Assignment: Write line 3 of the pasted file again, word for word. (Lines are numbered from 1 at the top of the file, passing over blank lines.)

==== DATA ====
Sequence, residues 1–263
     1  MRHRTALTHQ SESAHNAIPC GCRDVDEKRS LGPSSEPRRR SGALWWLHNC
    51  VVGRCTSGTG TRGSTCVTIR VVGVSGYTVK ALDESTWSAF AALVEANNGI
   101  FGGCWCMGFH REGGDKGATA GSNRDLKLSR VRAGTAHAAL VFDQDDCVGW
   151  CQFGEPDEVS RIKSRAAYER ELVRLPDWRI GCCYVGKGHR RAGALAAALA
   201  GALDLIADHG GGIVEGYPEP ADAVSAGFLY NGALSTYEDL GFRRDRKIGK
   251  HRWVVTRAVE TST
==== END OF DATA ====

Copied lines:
    51  VVGRCTSGTG TRGSTCVTIR VVGVSGYTVK ALDESTWSAF AALVEANNGI